(Host) Once a year, town moderators dust off their rules of order and take their places in front of the voters at town meetings. It’s an important, but unheralded job. Most moderators labor in relative obscurity.
VPR’s Steve Zind visited one town meeting Monday night where the moderator is quite well known.
(Zind) The scene is being played out across Vermont this week. The moderator brings the meeting to order and proceeds through the warning item by item, asking for questions and calling for votes.
(Governor Jim Douglas) “The legal voters of the Town of Middlebury in the County of the Addison, the State of Vermont are hereby warned and notified….”
(Zind) It’s not a glamorous job. But Middlebury’s moderator gets a little more attention than most.
(Speaker) “Thank you, Jim. And thank you all for coming on this bitterly cold evening. First I would hope all of you would join me in welcoming Governor Jim Douglas, our moderator this evening.” (Sound of applause.)
(Zind) Jim Douglas has been moderator in Middlebury since 1986. This year it’s a little different. This is Douglas’ first town meeting as governor of Vermont. In spite of his demanding day job, Douglas says he’ll stay on as moderator as long as the voters of Middlebury will have him.
(Douglas) “I’ve done this for a long time and I really enjoy the opportunity to participate in local government.”
(Zind) Judging from the reception from the hometown crowd and the fact he’s never been opposed as moderator, this is probably one elected office Douglas won’t have to worry about losing.
There are about 150 people at Monday night’s town meeting. Ray Cassidy says Douglas knows most of them.
(Cassidy) “He knows 90% of the people by their first name around Middlebury. It’s amazing. He’s got a great memory for names.”
(Douglas) “Questions of the chairman? Pete Jepson.”
(Pete Jepson) “What’s the advantage of the town paying cash for vehicles, if we can borrow money at 2%?”
(Zind) For a change, the governor isn’t the one being grilled by voters. But Douglas says he doesn’t mind it when he is buttonholed at town meeting out on the street.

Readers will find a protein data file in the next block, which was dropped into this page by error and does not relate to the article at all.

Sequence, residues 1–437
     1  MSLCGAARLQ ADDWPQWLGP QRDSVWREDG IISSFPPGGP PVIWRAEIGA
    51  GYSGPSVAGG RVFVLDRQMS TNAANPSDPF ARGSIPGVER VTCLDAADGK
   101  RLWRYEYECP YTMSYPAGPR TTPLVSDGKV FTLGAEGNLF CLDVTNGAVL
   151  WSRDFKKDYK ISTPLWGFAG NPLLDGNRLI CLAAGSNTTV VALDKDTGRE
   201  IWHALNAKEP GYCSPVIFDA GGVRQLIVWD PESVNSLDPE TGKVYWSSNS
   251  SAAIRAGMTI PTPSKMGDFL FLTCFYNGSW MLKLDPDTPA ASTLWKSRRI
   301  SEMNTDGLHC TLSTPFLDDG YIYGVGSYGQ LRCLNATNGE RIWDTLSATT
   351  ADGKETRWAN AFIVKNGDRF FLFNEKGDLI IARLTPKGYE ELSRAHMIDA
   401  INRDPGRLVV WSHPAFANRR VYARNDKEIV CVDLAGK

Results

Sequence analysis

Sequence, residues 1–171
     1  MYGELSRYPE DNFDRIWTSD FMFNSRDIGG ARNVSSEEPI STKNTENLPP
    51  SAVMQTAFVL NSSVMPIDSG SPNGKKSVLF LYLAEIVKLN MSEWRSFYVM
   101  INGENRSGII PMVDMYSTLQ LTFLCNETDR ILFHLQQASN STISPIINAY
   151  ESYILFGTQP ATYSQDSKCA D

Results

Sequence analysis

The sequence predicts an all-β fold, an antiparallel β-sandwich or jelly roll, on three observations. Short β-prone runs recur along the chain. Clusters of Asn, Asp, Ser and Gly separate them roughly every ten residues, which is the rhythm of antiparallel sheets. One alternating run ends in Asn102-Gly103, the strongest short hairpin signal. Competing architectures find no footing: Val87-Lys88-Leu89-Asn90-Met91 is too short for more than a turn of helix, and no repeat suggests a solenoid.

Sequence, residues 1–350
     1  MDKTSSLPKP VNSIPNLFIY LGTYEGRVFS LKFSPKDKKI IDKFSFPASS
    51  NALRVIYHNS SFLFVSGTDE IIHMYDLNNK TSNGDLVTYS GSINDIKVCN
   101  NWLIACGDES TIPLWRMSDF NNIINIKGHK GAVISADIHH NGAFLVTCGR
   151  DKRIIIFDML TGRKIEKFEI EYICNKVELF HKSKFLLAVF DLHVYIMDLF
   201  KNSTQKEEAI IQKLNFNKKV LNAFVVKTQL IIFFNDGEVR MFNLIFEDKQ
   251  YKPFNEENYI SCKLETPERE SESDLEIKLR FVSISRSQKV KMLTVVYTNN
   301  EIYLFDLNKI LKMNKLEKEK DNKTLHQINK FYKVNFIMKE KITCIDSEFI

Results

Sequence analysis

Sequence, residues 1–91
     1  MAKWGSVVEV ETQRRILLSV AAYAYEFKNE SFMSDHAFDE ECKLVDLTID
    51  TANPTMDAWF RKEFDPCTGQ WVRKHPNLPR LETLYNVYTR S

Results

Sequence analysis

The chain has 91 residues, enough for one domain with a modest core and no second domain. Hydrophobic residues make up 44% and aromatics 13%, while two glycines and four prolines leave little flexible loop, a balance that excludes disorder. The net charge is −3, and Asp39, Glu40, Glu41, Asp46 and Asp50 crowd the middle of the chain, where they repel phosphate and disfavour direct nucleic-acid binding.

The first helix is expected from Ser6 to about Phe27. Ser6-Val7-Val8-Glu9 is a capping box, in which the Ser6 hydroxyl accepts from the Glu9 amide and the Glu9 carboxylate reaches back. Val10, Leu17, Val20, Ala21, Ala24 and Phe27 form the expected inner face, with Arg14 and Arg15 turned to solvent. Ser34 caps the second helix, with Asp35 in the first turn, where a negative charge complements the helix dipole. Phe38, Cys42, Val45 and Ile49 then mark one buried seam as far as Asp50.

(Douglas) “One of the dangers of my position is I feel isolated sometimes. Going from one meeting to the next in the office, somewhat insulated from society at large. So I think it’s a wonderful opportunity to see people and talk to them one on one.”
(Zind) Douglas presided over a quiet town meeting Monday night. Middlebury’s municipal budget is up about 8% over last year, but there’s little discussion before it’s passed. The school budget won’t be voted on until May.
Douglas carries out his moderator duties with ease. There is only one gubernatorial moment: near the end of the meeting, candidates for local offices introduce themselves to the voters.
(Douglas) “Pete DeGraff. I’m running for the five-year term for the Ilsley Library.”
(Douglas) “Five-year term? Whew!” (Sound of laughter.)
(Zind) Douglas may be a familiar and approachable figure to the people of Middlebury, but Irene Barna also realize he’s not your average neighbor.
(Barna) “Almost everybody in town knows the governor now personally and that is, I think priceless. It’s precious and it’s priceless.”
(Zind) For Vermont Public Radio, I’m Steve Zind in Middlebury.